BY LESLIE MONTEIRO
(Photo by Bruce Bennett/Getty Images)
The Islanders made news that had everyone talking.
There were not even reports that Barry Trotz would be in danger of being fired at any point of this season. The Islanders coach sounded like a coach who wants to make things right next season. He had a plan on how to get the Islanders back on track after a disappointing campaign.
Imagine his surprise when he received the news that he was fired on Monday morning. Multiply that with the Islanders fans and even some Islanders players now.
It’s hard to understand this decision. Only Islanders general manager Lou Lamoriello knows about it since he made the decision to fire a successful head coach. Not surprisingly, he was vague in explaining his decision to the media members and to the fans. He wasn’t going to trash his head coach on his way out. Plus in his mind, it was none of anyone’s business.
This goes back to Lamoriello. It’s on him to get it right. When he made the decision to fire his head coach, he put the pressure on himself to fix it, and rightfully so since it comes with the territory of overseeing the hockey operation. He has to figure this out because this roster is aging.
Trotz got the most out of this roster for three seasons prior to this year. No one can fault him for everything that went on this year. Players such as Mat Barzal and Anthony Beauvillier underachieved. The Islanders identity line of Casey Cizikas, Matt Martin and Cal Clutterbuck offered nothing most of the season. And don’t forget this team had many players out with COVID-19 or mysterious injuries this season.
This firing wasn’t based on what happened this season, it was about what can be done to remedy next season. It was clear Lamoriello did not like what he heard from the players in their exit interviews. It could not help the Islanders hockey boss did not like what he heard from his head coach.
In my opinion, Trotz was fired because he thought he maximized everything out of the roster for four seasons and he couldn’t do it anymore. In other words, he did not think this roster was good enough to win the Stanley Cup or do much in the playoffs anymore. He felt a change in the roster was needed, and Lamoriello felt a different voice could change that.
Trotz has a point. He knows what a Stanley Cup championship team is about since he coached a Stanley Cup winner. He knows his roster since he is around the players daily. He has a great feel for the players to make a conviction on the roster.
But Lamoriello does not want to hear it. He is about winning at all costs. He will find someone else to get it done. He fired great coaches such as Larry Robinson, Claude Julien (with three games to go and the playoffs on the horizon in 2007) and Jacques Lemaire. He fired Devils head coach Robbie Ftorek in 2000 with eight games remaining in the regular season, and it paid off in the end when the Devils won the Stanley Cup that year with Robinson filling it.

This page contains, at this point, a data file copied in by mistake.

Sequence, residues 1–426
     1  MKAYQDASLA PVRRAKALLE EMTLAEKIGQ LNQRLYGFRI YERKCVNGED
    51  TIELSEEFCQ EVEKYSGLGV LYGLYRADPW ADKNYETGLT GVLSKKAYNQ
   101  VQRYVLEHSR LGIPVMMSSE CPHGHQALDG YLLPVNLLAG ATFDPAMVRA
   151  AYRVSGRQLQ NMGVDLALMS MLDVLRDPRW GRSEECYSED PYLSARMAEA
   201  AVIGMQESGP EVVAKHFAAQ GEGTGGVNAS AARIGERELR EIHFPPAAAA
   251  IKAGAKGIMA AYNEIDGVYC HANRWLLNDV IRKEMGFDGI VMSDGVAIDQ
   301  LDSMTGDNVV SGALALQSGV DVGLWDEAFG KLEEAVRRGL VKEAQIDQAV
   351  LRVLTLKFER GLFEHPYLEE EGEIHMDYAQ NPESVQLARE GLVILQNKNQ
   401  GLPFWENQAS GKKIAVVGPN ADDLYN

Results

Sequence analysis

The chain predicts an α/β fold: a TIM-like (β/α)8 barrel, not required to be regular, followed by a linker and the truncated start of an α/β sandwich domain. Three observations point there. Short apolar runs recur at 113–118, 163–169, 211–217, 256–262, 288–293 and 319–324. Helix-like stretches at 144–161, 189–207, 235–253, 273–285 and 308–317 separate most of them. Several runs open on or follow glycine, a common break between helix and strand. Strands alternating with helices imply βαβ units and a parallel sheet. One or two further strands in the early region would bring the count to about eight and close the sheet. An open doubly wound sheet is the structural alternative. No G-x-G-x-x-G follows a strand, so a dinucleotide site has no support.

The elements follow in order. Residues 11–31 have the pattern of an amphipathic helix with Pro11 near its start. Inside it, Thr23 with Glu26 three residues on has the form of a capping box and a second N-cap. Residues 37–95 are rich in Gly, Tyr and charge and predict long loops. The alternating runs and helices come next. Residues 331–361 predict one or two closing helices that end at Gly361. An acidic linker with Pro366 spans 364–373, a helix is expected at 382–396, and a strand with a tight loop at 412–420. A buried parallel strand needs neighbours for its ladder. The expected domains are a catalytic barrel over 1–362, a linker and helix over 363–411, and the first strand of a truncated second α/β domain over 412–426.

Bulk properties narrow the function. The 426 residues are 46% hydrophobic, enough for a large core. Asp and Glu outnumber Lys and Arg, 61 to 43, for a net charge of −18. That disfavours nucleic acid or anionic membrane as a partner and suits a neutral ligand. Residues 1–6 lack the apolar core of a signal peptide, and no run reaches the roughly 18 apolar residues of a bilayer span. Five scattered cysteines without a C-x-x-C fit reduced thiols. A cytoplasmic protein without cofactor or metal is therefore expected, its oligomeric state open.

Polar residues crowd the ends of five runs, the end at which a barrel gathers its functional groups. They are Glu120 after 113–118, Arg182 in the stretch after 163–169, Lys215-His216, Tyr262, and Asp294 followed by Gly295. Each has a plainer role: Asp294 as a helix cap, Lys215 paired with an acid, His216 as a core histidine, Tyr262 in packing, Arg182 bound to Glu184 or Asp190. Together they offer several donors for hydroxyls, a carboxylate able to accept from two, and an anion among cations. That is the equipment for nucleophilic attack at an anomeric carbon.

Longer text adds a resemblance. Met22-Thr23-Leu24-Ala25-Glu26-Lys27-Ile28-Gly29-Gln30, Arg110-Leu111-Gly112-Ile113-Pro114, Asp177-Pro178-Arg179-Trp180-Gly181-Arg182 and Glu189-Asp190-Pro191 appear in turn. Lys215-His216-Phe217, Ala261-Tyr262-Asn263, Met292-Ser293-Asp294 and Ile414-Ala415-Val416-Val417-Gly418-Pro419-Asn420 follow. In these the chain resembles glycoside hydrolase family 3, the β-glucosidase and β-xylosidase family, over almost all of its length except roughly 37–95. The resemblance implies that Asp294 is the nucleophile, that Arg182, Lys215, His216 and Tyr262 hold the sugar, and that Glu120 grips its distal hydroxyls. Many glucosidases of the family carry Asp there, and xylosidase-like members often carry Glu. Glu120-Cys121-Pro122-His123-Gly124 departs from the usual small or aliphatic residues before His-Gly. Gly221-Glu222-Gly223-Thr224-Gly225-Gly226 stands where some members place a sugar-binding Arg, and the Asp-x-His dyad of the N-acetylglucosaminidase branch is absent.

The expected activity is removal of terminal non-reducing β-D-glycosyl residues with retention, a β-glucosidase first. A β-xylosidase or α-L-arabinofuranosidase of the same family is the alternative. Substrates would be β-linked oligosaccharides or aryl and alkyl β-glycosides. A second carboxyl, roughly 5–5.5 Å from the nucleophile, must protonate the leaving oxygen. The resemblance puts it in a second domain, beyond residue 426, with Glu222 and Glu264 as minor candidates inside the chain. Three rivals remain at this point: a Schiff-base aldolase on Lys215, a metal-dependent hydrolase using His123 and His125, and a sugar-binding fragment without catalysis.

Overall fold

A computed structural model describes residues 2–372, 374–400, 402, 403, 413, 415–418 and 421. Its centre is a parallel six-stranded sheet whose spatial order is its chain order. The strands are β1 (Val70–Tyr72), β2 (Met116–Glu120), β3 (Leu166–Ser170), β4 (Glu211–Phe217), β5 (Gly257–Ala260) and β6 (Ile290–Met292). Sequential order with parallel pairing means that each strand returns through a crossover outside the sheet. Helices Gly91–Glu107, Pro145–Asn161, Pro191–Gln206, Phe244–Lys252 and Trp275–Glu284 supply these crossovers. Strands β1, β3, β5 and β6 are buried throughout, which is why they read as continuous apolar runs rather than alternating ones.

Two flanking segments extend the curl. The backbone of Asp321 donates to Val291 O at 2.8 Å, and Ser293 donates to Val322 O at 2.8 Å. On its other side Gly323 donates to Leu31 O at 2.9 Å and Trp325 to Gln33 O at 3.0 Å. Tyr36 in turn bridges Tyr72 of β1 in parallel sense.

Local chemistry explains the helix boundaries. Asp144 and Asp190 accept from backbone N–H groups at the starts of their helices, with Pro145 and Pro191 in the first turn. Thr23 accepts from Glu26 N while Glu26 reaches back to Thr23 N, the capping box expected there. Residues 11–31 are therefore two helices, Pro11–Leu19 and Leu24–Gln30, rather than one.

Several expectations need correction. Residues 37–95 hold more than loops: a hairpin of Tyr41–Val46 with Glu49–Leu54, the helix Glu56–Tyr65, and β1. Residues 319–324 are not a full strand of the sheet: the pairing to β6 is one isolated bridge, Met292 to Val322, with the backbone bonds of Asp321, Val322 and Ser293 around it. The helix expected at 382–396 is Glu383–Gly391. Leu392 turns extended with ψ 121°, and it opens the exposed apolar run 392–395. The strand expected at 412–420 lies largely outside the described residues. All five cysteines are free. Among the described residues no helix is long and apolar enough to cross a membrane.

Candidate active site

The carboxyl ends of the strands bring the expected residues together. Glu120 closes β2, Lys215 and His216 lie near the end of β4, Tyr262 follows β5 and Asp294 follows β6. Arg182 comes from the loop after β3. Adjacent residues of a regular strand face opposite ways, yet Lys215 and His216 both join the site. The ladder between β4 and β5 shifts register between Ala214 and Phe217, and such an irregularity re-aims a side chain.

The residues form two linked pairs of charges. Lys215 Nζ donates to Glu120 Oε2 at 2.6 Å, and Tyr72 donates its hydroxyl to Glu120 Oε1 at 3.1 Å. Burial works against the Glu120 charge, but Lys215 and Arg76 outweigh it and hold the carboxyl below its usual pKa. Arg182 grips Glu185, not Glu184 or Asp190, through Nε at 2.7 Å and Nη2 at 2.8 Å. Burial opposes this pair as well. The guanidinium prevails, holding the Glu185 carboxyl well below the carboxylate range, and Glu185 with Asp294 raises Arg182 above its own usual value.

This is what Trotz’s firing came down here.
Lamoriello is searching for solutions, and that’s why the pressure is on him now. With him being 79 years old, he won’t get that many chances of turning this around. This is now or never for him. He wants to win a Stanley Cup with the Islanders before he retires or croaks. He wants answers now, He clearly had no time for Trotz being realistic.
This isn’t about making Trotz a scapegoat. This is about achieving the goal here.
Trotz received criticism for not giving youngsters such as Oliver Wahlstrom, Aatu Raty, Robin Salo, Kieffer Bellows, Sebastian Aho and Grant Hutton. A head coach’s job is not only just win, but to develop young players. From Lamoriello’s perspective, the Islanders head coach should have given them a chance to develop and learn from their mistakes.
Trotz did not think much of them for him not to play them. Obviously, he wants to win games so he will go with the guys he trusts, but if those guys were any good, wouldn’t Trotz give them a look? He has to have an idea of these players. For those that said Trotz is not good with young players, he gave Noah Dobson and Devon Toews ice time often, so this does not add up.
It came down to a disagreement on how Trotz and Lamoriello view young players on the roster. Fair or not, the general manager gets the upper hand since these are the players that he invested in by drafting them. This is where a different voice could help from Lamoriello’s perspective. Maybe that guy is Trotz’s associate head coach Lane Lambert, who would be a great choice to coach the Islanders. Lamoriello better hopes that’s the case or this franchise could take another step back in the next few seasons.
Much can be said about Trotz’s defensive structure play stifling Mat Barzal’s system that got the future Hall of Famer fired, but that’s not it since Lamoriello is also a defense-first guy, so that claim does not make sense.
Trotz will be fine. The future Hall of Famer is set for life, and he will likely get another head coaching job of his choosing or work in a management role of an NHL team. He is going to be beloved by Islanders fans for life the way the late Al Arbour was. He will get a nice tribute by the Islanders and a standing ovation when he returns to the UBS Arena as an opposing head coach.
Worry about the Islanders. No one has any idea where they are going with an aging roster. Maybe they are a playoff team next year, but is this a Stanley Cup contending team?
No one knows. Islanders owners Scott Malkin and Jon Ledecky signed off on this firing with the idea that Lamoriello knows what to do. They are paying him to get it right.
Trotz’s firing puts Lamoriello on the clock to make sure last season does not happen again.
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